Sunday, July 25, 2010

On Happiness From Within:

A friend of mine in the USA is currently going through a breakup. The kind where one person is still terribly in love, head over heels, with their ex boyfriend–whom the said person dated for about five years. They were to be soul mates, in his mind. It's one of those breakups that's one sided. One person is ready to move on, the other not It's tough for him, I'm sure. Most people have probably gone through something similar at some point in their lives. Me included. I gave my stern and grounded, honest advice I told him to get back to that happy place. Be alone for a while. Find out, and remember, what makes you happy. I'm almost positive that happiness comes from within–but of course external influences do affect your happiness. But you must first be happy and comfortable with yourself: you must love yourself, before you can be loved by another. The problem is, that sometimes, we can lean on a partner so much that, without them–we're no longer propped up. What to do? Suddenly we can find ourselves in a shattered world. Which raises the question: how did we stand up before we found one another, in the first place? The answer: we were in a happy place. It's miraculous that we can sometimes forget who we are. Then again, do we know who we are? I'm not sure. But everyone, myself included, would like to think so–or, at least be able to attain such a status.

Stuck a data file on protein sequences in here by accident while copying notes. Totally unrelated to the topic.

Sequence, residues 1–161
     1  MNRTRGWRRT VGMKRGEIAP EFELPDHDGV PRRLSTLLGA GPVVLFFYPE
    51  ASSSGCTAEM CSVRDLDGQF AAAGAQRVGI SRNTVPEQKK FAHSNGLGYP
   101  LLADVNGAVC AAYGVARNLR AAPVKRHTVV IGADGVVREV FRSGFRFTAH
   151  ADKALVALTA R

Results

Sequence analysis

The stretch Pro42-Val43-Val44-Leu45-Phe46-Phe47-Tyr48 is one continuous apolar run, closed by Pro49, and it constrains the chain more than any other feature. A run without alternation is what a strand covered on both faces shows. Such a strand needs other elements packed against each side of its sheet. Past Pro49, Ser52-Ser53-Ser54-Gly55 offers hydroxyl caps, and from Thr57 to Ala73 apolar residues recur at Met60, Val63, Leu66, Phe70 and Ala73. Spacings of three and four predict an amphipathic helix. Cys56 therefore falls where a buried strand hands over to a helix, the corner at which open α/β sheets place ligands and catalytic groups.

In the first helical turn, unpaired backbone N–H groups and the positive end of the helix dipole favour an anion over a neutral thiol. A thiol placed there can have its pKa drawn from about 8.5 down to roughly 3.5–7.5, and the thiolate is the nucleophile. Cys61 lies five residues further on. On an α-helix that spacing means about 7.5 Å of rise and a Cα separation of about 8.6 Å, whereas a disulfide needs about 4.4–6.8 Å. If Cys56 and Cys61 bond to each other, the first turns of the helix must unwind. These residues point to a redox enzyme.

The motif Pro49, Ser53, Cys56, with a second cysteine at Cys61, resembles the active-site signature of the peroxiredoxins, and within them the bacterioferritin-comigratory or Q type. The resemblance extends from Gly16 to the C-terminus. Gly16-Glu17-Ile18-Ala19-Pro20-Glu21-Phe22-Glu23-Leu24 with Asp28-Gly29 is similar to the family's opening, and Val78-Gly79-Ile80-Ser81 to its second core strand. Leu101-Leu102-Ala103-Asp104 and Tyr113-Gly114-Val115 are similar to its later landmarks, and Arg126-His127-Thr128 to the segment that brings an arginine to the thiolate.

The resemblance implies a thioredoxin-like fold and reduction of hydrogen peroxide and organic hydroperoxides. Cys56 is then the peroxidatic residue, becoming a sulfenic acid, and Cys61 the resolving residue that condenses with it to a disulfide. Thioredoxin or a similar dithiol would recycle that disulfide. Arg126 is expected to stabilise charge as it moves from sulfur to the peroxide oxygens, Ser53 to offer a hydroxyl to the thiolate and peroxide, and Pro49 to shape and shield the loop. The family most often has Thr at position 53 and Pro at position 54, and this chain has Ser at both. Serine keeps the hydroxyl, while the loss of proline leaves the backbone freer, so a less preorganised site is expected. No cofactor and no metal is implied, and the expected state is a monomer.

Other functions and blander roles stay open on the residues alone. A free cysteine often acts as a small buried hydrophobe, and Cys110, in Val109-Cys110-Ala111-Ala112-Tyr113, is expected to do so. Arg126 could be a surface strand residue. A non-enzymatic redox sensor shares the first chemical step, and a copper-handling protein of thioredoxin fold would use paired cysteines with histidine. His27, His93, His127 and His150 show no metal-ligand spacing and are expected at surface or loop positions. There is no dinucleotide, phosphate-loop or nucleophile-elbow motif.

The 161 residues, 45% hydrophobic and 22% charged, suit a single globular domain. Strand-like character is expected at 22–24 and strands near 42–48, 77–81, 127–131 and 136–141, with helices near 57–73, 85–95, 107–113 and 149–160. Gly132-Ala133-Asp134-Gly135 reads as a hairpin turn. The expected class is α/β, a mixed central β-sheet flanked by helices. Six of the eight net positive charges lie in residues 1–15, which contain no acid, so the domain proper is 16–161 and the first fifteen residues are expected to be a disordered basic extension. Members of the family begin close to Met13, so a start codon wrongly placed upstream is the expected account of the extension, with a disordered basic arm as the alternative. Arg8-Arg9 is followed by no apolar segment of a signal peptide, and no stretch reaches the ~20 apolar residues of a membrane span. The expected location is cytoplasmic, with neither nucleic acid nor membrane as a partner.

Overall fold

Friday, July 23, 2010

Weddings in the Dutch Countryside:

This past weekend I attended a wedding (and its subsequent reception; which is always the best part of any wedding), that was held in the countryside, near Brummen. A tiny village in the east of the Netherlands. It was probably the most beautiful location the couple could have found for their wedding reception; complete with the most stunning backdrop of the setting summer sun.

Thursday, July 15, 2010

An Entry From 2005:

Four and a half years ago I was skiing in a blizzard, and occasionally drinking coffee and playing with crayons, as I contemplated life, yet again:

Friday, December 16, 2005